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Globalisation And Public Health

Learn more about globalisation and public health.

Globalisation is increasingly important to, and an interlinked feature of, public health.

Many of today’s health problems are of a global nature and related closely to the challenges associated with globalisation. This is because health issues transcend national boundaries and so we need to think about how this has implications for healthcare and nursing practice.

The World Health Organization’s global burden of disease data shows how average life expectancy is increasing throughout the world. Globalisation contributes to increased longevity through, for example, advanced technology, sharing of information and best practice, and the transportation of medicines and other health supplies (Bradbury-Jones 2009). This is a success story for public health, but what about the challenges for public health of increased longevity and ageing?

Let’s consider one issue concerning public health today. Non-communicable diseases (NCDs) caused 71% of all global deaths in 2016. This ranged from 37% in low-income countries to 88% in high-income countries (WHO 2018a). Ischaemic heart disease and stroke are the leading causes of death in high- and middle-income countries but significantly they are now predominant in low-income countries.

Wherever in the world as a nurse we practice, we are likely to spend time caring for and supporting people with a heart-related condition. It is argued by some (eg Allen and Figel 2017) that as an NCD it should perhaps be reframed as a ‘socially transmitted condition’ due to the fact that most heart-related deaths are linked to four risk factors: tobacco use, an unhealthy diet, physical inactivity and alcohol (WHO 2018b).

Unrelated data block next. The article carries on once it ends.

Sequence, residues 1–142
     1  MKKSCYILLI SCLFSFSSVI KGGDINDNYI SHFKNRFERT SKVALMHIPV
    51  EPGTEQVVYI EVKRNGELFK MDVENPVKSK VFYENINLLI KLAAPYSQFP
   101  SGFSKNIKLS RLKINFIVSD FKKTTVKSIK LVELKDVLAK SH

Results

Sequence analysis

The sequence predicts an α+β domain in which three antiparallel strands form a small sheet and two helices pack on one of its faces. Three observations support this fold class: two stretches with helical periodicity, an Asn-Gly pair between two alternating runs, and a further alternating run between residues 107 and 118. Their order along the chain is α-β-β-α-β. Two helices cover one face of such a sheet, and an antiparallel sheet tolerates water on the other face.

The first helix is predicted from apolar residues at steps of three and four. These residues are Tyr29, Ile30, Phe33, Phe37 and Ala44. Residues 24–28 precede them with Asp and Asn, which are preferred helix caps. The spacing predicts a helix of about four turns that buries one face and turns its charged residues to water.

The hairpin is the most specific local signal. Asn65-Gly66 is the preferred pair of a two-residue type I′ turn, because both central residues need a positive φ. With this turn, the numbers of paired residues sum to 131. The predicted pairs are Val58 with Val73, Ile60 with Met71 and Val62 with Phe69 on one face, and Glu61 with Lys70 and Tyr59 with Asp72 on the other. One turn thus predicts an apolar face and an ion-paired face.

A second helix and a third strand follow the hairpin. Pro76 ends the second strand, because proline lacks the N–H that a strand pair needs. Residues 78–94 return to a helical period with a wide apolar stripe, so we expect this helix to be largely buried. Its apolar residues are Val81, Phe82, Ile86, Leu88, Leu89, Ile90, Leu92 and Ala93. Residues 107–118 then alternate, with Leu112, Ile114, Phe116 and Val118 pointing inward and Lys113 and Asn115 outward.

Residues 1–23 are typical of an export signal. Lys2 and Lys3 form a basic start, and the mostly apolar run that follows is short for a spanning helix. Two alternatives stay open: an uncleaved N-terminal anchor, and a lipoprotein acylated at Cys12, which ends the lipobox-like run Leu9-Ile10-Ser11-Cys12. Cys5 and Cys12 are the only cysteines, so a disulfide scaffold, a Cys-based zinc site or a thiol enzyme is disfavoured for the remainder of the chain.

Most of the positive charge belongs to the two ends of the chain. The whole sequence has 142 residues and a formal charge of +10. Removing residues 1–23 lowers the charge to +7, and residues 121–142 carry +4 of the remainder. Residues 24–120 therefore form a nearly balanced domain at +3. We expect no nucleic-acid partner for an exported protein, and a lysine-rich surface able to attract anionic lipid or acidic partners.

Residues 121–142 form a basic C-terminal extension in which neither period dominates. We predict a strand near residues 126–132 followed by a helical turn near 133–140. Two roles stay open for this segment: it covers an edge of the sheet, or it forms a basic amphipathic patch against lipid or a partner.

If you are interested in learning more about this subject, we encourage you to read Huynen, M., Martens, P., and Hilderink, H. (2005) ‘The Health Impacts of Globalization: A Conceptual Framework’, which you can access from the Recommended reading section below.

Your task

Create a flow chart or diagram that you could share with your nursing colleagues in your area of practice that illustrates how globalisation is having a complex impact on the risk factors, globally, for ischaemic heart disease and stroke. You could do this using a word processing tool such as Microsoft Word, with a presentation tool such as PowerPoint, or you could draw your chart by hand, then take a picture of it with your phone.

You will need to think about the structural, social, economic and political determinants of health and how they operate downstream, midstream and upstream.

Aim to convey in your flow chart or diagram why there is an argument that it may be more appropriate for ischaemic heart disease and stroke, as with other NCDs, to be known as a socially transmitted condition (Allen and Fiegel 2017).

Post a link to your table in the Comments. Please make sure you have set the sharing permissions appropriately.

Huynen, M., Martens, P., and Hilderink, H. (2005) ‘The Health Impacts of Globalization: A Conceptual Framework’. Globalization and Health [online] 1 (14). available from [19 June 2018]


Allen, L., and Feigl, A. (2017) ‘Reframing Non-communicable Diseases as Socially Transmitted Conditions’. The Lancet Global Health. available from [19 June 2018]

Bradbury-Jones, C. (2009) ‘Globalisation and its Implications for Healthcare and Nursing Practice’. Nursing Standard. 23 (25), 43-47

World Health Organization (2018a) The Top 10 Causes of Death [online]. available from [19 June 2018]

World Health Organization (2018b) Global Action Plan for the Prevention and Control of NCDs 2013-2020 [online]. available from [19 June 2018]

© Coventry University. CC BY-NC 4.0
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